“Not only were our students struggling, our faculty was experiencing something new,” Sabatier says. “We couldn’t rely on doing things the way we’d always done them. We needed more tools in the toolbox.”
“As educators, when you enter the classroom, you eventually come to realize that there’s the way you were taught to teach – which is often just whatever you saw professors doing in the classroom when you were a student – and then there are best practices for teaching. Those two don’t always mesh,” Sabatier says. “It’s when you start to deploy evidence-based practices that you begin to see your students’ ability to go beyond what you had ever anticipated. It’s incredible and it feeds on itself. Based on my experience working with faculty in the year-long ACUE program, I recognized that faculty didn’t need to reinvent the wheel to achieve this transformation. They simply needed new tools and strategies grounded in evidence that they could leverage quickly within their own specific contexts.”
And that guided experience was crucial for many faculty as they made the pivot online.
“We knew that our ACUE-credentialed faculty had learned so much, and our team was impossibly stretched. We needed to scale, and ACUE was key,” explains Elrod. “Our provost, along with the generous donor who had made ACUE possible for us initially, were incredible. Their quick decisions allowed us to build a summer program to offer to all interested faculty.”
Santa Clara put together a three-part program: ACUE modules facilitated by experienced SCU faculty coaches, technology workshops to help faculty quickly apply what they learned, and a fall term follow-up with faculty in learning groups based in the disciplines.
“We had what seemed like an outrageous idea – that 250 faculty might sign on. We were asking them to commit to a lot of hours to do this new thing at a moment of fatigue and difficulty. In the end, 400 participated, which is about half of our faculty. Those numbers,” says Elrod, ”testify not only to ACUE, but to SCU faculty commitment to students.”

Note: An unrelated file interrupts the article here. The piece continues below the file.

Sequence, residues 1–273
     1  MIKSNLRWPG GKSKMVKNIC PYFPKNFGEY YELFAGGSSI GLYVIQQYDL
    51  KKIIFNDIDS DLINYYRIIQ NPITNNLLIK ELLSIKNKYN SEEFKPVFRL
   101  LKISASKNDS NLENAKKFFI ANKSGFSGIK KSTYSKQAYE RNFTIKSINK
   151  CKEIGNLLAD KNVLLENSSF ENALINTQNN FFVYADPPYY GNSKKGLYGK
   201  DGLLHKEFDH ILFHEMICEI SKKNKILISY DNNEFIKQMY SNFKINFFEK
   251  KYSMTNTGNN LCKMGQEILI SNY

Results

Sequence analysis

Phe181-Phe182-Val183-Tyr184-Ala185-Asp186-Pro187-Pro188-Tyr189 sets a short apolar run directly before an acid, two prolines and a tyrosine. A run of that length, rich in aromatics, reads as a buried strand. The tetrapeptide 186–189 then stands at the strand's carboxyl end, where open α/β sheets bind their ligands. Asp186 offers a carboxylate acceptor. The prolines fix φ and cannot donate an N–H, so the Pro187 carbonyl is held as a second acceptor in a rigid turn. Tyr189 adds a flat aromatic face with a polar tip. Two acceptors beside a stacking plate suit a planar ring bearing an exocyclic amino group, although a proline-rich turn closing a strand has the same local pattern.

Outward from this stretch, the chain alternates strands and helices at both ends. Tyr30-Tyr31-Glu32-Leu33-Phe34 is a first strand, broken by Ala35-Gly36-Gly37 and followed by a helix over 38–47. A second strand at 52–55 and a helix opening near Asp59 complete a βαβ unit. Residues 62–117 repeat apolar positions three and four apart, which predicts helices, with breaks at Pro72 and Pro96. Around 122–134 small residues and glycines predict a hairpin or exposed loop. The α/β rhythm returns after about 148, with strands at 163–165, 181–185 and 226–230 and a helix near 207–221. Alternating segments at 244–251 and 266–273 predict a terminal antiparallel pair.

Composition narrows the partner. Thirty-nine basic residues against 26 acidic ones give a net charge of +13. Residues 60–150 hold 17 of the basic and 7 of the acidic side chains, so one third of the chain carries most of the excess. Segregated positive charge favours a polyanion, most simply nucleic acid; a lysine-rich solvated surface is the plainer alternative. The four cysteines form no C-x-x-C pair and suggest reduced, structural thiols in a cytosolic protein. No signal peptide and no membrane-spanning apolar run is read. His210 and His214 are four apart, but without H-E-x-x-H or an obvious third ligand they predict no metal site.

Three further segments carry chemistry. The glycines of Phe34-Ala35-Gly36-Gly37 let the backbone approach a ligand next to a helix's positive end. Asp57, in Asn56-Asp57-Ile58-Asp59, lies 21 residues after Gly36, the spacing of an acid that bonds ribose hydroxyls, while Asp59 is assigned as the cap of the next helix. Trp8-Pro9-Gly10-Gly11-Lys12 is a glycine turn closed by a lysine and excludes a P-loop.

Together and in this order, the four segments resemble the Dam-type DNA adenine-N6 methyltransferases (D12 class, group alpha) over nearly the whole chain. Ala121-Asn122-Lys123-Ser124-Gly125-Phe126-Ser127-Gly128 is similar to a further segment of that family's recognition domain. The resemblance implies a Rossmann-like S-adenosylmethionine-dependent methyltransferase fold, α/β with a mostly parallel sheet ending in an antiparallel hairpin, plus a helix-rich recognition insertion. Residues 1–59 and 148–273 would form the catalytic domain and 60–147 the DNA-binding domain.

“The challenges and terrible losses caused by COVID are inescapable. So you look for moments of hope, and positive side effects. One of those is that all of us were put into the position of learners, in solidarity with our students,” Elrod explains. “And we had this community of faculty interested in sharing practices and teaching strategies. I’m not sure how we would have managed this five years ago, before we had a critical mass of ACUE faculty and before we developed a structure for sharing teaching practices with one another.”
“Not only that, but we had a team of faculty leaders who were committed to supporting their colleagues,” she continues. “We have a faculty community of learners working on effective course design, student engagement and teaching practices that promote equity and inclusion.”
The work, she hopes, will allow SCU faculty to continue to respond effectively and thoughtfully to the ever-changing shifts in the larger landscape of higher education – while remaining committed to the success of every student.
Elrod and Sabatier joined ACUE Academic Director Kim Middleton for an hour-long fireside chat at AAC&U’s 2021 virtual annual meeting. Watch the recording of, “Revitalizing a Culture Focused on Student Learning” on our YouTube channel.